Quarterly Literary Review Singapore
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Vol. 2 No. 3 Apr 2003

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Gritted Teeth and Stoic Strength
Page 2

Desperate, explosive resentment is one response to the boredom of routine. Another would be melancholic anger born of too many empty hours spent ‘waiting / for the next bark’, which is Alfian Sa’at’s response in ‘Ode to the Army’. In fact, melancholic ___________ (fill in noun as appropriate) is the tone most characteristic of Alfian’s work even at the best of times, when his eye for the telling detail works in tandem with his fine poetic sense to make his words leap across metaphoric distances in a single bound, and survive the attempt. The morbidity of ‘buntings… strung like decapitated kites’ (‘Ode to the Army’), the childlike wonder in ‘fireflies / Tinselling the crowns of these trees’, and the sensuous detail in ‘Again my fingers reach / To decipher the Braille / Of your moss’ (‘Half a Soldier’) all carry this trademark melancholy, and though skilfully done, one does wonder, sometimes, if this has become all too easy for our most lauded young poet, and if perhaps it is time for him to explore new stylistic ground. However, there is no disputing the boldness and originality of thought in the three poems featured in this anthology – spanning a whole range of concerns from racism to post-ROD blues, they reveal a mind that is never content with simply skimming the surface, but always questioning and questing.

Not all the writing is angst-filled or angry, though. There is plenty to celebrate, or, at least, smile at. Most of the humour is found in the prose pieces, (perpetuating, perhaps, the Romantic myth that poetry has to be like a Mills & Boon hero – dark, brooding and intense), but even then it is a gentle, ribbing, or self-mocking humour. Terry Tay’s ‘Chronicle of a Third-Rate Soldier’ revels in descriptions of the heroics of the “Elite” battalion. A case in point: rising from the “dead” during a mock battle to argue over who was shot first. Names are also a perennial source of amusement, as seen in ‘ROD Loh’, Umej Bhatia’s short story about a solider whose name resembles every soldier’s freedom cry. Then there is the humour of literary allusion, such as in Alvin Pang’s “Night Manoeuvres” (more on this later), which pays playful tribute to Dante’s ‘Inferno’ in the telling of a torturous field march.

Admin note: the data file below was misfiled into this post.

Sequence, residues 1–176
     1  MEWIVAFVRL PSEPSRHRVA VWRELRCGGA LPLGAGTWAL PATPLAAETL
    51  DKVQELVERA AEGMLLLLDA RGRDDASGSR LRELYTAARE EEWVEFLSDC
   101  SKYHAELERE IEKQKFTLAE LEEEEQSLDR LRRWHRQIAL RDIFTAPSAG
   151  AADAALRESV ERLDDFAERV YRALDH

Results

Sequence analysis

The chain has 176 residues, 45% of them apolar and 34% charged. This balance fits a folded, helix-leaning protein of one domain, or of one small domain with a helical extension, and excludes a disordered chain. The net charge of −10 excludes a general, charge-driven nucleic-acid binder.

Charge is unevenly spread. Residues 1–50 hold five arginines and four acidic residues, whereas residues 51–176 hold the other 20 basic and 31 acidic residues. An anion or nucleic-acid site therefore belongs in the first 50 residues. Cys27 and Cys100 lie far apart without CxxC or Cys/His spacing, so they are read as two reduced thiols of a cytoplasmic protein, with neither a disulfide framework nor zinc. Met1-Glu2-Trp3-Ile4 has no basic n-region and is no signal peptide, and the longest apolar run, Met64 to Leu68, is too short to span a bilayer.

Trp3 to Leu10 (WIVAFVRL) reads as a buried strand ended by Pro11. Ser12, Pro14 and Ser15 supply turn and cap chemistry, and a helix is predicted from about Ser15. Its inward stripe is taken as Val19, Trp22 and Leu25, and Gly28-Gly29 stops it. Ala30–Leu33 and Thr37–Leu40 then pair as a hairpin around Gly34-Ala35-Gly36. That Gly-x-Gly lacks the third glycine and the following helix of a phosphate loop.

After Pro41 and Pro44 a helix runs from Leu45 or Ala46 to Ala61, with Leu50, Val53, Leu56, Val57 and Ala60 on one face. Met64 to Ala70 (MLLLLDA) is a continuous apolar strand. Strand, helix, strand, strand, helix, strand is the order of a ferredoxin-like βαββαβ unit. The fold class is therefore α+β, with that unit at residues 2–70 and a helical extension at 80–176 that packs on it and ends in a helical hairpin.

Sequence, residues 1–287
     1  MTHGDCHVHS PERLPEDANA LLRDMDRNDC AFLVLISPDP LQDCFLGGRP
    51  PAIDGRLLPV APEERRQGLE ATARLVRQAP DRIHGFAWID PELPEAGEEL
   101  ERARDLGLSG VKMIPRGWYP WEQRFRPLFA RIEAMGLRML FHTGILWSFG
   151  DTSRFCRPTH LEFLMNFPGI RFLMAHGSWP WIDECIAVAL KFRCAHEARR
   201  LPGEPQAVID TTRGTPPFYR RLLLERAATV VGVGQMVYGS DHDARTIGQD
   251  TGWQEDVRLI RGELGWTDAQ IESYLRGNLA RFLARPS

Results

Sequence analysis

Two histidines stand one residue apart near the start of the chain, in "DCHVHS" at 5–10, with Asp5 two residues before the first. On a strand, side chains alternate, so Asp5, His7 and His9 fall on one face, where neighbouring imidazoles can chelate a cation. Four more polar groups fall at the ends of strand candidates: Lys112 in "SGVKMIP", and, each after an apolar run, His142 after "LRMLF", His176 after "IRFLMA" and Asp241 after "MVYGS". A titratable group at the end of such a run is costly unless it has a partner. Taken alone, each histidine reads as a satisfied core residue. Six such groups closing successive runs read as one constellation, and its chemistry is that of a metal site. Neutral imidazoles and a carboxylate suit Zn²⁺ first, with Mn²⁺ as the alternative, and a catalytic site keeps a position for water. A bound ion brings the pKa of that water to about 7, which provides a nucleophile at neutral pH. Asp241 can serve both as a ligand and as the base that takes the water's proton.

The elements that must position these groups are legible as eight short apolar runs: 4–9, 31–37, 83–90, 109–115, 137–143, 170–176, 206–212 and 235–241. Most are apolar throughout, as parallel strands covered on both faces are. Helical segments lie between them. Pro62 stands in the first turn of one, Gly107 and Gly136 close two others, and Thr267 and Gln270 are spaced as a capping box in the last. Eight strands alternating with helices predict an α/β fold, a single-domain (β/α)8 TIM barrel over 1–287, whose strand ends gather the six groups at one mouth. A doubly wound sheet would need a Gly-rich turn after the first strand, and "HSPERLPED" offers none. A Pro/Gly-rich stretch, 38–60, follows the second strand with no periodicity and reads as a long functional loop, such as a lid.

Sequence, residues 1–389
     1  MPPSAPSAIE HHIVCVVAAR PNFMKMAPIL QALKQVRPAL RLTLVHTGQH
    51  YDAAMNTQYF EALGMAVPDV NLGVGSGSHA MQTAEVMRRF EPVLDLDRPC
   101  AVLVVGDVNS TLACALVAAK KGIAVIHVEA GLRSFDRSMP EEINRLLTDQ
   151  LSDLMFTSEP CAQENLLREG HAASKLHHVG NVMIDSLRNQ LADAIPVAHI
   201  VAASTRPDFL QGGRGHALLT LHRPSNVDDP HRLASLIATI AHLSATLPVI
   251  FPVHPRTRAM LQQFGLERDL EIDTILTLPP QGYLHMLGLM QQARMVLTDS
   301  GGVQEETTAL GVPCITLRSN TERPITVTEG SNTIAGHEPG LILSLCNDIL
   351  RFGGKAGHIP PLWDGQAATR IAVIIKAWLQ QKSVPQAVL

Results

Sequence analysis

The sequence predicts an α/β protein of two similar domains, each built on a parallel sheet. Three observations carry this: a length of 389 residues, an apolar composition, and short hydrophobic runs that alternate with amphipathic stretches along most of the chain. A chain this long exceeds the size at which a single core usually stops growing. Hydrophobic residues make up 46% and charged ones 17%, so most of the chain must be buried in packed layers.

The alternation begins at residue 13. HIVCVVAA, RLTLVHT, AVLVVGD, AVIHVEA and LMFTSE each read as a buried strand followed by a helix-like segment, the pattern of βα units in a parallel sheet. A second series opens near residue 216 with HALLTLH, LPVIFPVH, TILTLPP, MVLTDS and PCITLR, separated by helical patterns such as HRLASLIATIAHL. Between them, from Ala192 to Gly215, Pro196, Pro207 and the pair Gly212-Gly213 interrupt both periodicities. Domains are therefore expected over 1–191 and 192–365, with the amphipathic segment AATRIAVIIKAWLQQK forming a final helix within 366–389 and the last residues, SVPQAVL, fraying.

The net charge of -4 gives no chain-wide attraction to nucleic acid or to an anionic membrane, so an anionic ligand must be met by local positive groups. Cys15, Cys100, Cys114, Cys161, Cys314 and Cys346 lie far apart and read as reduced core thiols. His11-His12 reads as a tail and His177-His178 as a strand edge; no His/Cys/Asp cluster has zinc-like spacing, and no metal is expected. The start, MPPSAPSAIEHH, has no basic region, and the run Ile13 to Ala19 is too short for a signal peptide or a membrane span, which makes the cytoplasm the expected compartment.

Most heartening of all, there are works here which speak of the rewards and lessons gained from the NS experience. Put a group of Singaporean men together and the conversation soon veers towards NS – testimony to the role of NS as the great equaliser of Singaporean (male) society. Trite though it may sound, the common experience does result in a greater sense of bonding and camaraderie, and it is this aspect of military service that is celebrated by quite a few writers, whatever else they may think of NS. ‘Field Camp’ by Cyril Wong does this especially effectively, its neat, spare stanzaic form capturing the essence of what is felt by soldiers at the end of the day:

a new exhaustion binds our bodies

to the trench’s edge, turning our amity
into a deeper shade of quiet.

Almost similar in subject-matter is ‘An R.O.C. Friend’ by Boey Kim Cheng. Here, too, fellow soldiers hunker down in solidarity against the vicissitudes of army life, a lighted cigarette their sole ‘proof against / a world gone madly keen / on fits of tears’. The same quiet appreciation of the little luxuries permitted the soldier in training is seen in ‘Field Bath on Hill 265’, a poem which is mentioned here also because its detailed account of the entire process had the force of a minor epiphany for this fortunate female who has never had to experience the pains of military service.